…. The urban Indian is willing to put aside all his differences to stand united with one another against his servant …. How else can we explain the support Devyani got from us as a nation …. The accusation against her is that she fudged documents so that she could import a maid, and she got caught …. And educated Indians everywhere rushed to her defense, completely ignoring the plight of her maid …. Is it because we think our servants are less than us, or because we want to keep them in their place, or both? …. In the end it doesn’t matter, we are all complicit in perpetrating social separation. The kind America experienced during segregation; the kind South Africa experienced with apartheid; the kind India experienced during pre-independence with British ruler class & we, their servant class ….

TOI / June 2, 2014 / Preet Bharara / US Attorney General / Quoted

…. That was not so pleasant, I was upset as a normal human being might be, then the accusations got more absurd, they became downright comical …. Indian critics were angry because even though I hailed from India, I appeared to be acting American, and was acting to serve the interests of America; which was odd, because I am American, and my title does say US Attorney General …. It wasn’t the crime of the century but it was a serious crime nonetheless …. State dept opened the case, investigated it, career prosecutors approved criminal charges – but it became an international case ….


Like I said in the very beginning, what Devyani Khobragade did, or what India thought about her, is of no consequence to me. That is a matter on which much has been said & done.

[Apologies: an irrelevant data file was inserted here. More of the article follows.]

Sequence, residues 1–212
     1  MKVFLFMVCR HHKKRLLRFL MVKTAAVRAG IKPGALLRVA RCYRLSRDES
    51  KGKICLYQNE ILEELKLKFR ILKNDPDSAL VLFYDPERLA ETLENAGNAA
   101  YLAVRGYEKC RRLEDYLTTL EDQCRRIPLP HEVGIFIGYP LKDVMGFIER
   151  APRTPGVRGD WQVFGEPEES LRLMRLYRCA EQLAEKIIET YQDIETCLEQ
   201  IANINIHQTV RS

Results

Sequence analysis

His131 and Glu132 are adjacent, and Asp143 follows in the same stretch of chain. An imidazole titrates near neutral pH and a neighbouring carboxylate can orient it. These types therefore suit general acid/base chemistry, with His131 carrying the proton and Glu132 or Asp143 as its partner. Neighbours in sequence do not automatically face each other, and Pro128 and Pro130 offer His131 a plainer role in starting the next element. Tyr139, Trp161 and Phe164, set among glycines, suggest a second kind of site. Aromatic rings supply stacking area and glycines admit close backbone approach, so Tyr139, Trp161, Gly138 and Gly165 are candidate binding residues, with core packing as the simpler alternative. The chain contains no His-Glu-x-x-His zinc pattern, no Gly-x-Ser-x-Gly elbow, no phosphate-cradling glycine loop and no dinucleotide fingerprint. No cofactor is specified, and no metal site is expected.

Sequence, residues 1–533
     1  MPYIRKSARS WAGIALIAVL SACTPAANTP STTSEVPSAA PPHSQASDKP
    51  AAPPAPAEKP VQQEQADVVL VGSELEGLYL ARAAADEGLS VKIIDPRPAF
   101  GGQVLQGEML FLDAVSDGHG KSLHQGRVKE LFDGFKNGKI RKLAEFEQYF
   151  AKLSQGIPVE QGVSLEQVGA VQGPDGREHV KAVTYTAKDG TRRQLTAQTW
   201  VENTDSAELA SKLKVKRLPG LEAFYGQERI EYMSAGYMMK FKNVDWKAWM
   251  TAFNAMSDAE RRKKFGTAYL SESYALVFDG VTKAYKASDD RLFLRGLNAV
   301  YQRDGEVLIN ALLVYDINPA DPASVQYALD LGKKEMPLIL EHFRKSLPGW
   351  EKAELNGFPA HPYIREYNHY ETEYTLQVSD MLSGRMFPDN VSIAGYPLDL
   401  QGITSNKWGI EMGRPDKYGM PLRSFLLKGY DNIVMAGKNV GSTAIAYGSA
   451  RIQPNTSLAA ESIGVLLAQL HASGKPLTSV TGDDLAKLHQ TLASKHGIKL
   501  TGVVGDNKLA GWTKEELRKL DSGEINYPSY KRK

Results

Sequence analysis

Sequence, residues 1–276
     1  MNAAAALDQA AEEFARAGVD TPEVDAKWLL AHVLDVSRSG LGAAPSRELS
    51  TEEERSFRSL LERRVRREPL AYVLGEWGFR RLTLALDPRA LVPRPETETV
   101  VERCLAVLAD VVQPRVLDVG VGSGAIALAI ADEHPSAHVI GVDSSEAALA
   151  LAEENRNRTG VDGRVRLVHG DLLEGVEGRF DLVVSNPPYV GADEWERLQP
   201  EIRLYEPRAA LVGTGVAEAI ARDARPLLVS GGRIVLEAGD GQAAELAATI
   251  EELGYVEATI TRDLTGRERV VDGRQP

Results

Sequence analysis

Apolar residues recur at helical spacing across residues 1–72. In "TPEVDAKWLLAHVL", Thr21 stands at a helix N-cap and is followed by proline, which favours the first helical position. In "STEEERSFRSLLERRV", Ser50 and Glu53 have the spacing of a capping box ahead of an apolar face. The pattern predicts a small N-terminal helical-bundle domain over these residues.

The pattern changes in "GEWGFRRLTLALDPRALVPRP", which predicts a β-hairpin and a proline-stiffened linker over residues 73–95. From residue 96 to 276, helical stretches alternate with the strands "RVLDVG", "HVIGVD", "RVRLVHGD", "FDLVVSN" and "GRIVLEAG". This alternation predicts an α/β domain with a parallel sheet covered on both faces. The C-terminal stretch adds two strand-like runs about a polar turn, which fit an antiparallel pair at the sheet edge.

For me the word `Khobragade’ has come to mean `a conflict in thinking’. For me `Khobragade’ has become synonymous with the 2 demons that are forever playing tug-of-war in our mind – Loyalty & Rationality. Or should I say – Loyalty v/s Rationality.


At a macro level – the last 6 months for India have witnessed incredible polarization of views, emotions & passions. And somewhere down the line – everything that we said, in defense or in prosecution, was tainted with a loyalty that had clearly moved away from rationality.

When we spoke for a cause or a person – we spoke with the loyalty of heightened passions – clearly stamping on evidence to the contrary & hoping that the louder our voices became, the easier it would be to drown all voices of dissent & doubt.

At the other extreme, when we spoke against a cause or a person – we spoke with the loyalty of conscience keepers, patrons of truth, moral police et al – clearly magnifying all available evidence to make it look more ghastly & more ghoulish than it may have been.

  • This man is our savior.
  • This man is a butcher.
  • You are annihilating my religion.
  • No, you are humiliating my religion.
  • My religion is secular.
  • Your religion is discriminatory.
  • The ones that left sold our country.
  • The ones that will come will make us a super power.
  • That channel has sold its soul (views anti to our own).
  • That anchor is anti nationalist (views anti to our own).
  • This channel gives correct information (views matching to our own).
  • This anchor is nationalist (views matching to our own).
  • That CM must resign.
  • That CM is a neighboring stooge.
  • Kill kill kill. Resign resign resign.
  • Win win win. Lose lose lose.
  • So what if she fudged her certificates.
  • Oh she fudged her certificates, drag her through the streets.
  • And so on it goes on…

Either way, when our pendulum swings to the extremes, it is loyalty personified at that end – but when our pendulum rests in the middle, even for a brief pause, we have a chance at testing our rationality.

At a micro level – the % of loyalty & rationality in your day to day expressions will determine the health & length of your communication with others, and with own your inner self.


  • We are taught very early in life – *to be loyal*.
  • How I wish that 1st lesson had taught us: to be loyal to ourselves.
  • How I wish that 1st lesson had taught us: that you cannot believe in others unless you believe in yourself first.
  • How I wish that 1st lesson had taught us: be loyal to your thoughts; test your thoughts; and create a set of personal ideologies that result from that testing.
  • How I wish that 1st lesson had taught us: believe in ideas, not in people; that way you will know when to pat on the back & when to slap on the wrists.